Habitat modelling concept
Research has shown that the combination of streamflow variability and river mor¬phology (along with other factors such as water quality, energy inputs and biotic interactions) is a primary control on the processes that determine the composition and dynamics of stream ecosystems (KARR et al. 1986; STATZNER et al. 1988; MINSHALL 1988; HILDREW & TOWNSEND 1994; POFF & WARD 1989).

Following the development of the ecological niche theory (HURCHINTSON 1957), it became clear that living organisms can be affected by the variability of their whole environment. The observation that the aquatic animals respond to specific physical patterns in a stream, both at the population level over long periods of time and directly to patterns of physical habitat over a shorter timeframe, has provided the background for development of physical habitat models. Although physical variables are clearly not the only factors affecting abundance and health of organ¬isms in rivers (KARR et al. 1986), they provide effective assessment criteria due to their history of anthropogenic impact, predictability and ease of measurement (STALNAKER 1995).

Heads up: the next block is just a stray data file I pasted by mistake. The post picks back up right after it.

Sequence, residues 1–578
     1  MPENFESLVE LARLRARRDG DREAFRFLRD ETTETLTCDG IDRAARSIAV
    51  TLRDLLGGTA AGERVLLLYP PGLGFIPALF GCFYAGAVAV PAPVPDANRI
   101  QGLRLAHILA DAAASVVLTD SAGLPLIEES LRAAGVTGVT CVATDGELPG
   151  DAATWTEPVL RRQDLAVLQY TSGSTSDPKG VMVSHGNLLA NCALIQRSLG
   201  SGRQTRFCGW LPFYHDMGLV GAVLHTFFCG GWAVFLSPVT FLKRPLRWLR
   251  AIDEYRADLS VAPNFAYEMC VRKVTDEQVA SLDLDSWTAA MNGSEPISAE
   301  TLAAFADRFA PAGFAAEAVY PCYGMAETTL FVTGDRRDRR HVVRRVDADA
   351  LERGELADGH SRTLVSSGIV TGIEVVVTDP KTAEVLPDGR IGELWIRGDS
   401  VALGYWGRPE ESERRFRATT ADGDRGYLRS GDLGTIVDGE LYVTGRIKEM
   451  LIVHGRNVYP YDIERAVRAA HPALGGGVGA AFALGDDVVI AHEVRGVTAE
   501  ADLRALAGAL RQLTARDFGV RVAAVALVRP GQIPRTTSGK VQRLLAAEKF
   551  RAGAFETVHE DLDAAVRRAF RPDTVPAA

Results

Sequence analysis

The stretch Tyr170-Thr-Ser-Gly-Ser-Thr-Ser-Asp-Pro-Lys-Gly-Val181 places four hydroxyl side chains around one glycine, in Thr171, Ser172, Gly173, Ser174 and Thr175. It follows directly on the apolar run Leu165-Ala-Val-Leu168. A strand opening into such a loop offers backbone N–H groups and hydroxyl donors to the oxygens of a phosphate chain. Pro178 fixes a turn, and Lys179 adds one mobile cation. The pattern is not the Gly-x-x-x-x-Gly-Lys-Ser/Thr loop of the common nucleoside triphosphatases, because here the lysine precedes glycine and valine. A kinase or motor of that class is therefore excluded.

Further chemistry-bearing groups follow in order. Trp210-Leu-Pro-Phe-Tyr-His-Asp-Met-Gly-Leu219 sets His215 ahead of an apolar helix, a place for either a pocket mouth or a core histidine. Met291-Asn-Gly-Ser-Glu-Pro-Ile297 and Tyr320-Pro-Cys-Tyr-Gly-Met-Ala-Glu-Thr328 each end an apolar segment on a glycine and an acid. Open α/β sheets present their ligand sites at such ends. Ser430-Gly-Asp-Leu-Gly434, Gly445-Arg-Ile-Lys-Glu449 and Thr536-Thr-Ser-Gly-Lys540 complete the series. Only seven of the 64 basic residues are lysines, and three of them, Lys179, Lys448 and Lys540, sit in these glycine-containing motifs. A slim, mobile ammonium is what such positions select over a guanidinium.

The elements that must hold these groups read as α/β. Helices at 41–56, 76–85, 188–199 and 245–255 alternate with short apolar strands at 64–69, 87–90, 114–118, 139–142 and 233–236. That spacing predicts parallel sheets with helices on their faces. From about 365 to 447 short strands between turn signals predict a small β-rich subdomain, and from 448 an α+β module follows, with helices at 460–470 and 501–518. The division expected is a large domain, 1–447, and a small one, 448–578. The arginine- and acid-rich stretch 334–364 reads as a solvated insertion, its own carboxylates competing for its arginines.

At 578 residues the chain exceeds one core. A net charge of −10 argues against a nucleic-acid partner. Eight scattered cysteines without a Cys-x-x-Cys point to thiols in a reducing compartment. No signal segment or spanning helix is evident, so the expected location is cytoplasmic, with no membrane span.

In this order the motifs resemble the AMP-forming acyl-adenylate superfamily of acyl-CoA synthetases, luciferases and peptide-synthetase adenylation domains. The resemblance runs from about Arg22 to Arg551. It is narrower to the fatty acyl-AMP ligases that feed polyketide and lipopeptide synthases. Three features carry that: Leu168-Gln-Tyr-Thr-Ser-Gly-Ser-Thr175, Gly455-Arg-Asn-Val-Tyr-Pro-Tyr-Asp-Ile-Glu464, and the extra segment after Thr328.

In general, modelling of riverine physical habitat consists of two major procedures that together lead to an assessment of the impacts of various management options. Biological sampling is applied to determine habitat use by selected fish and/or invertebrate species. Spatial measurement provides a description of the morphologic/hydraulic habitat conditions in the studied water at a range of flows. Changes in these conditions with changing discharge can then be determined and variation in habitat suitability thus evaluated.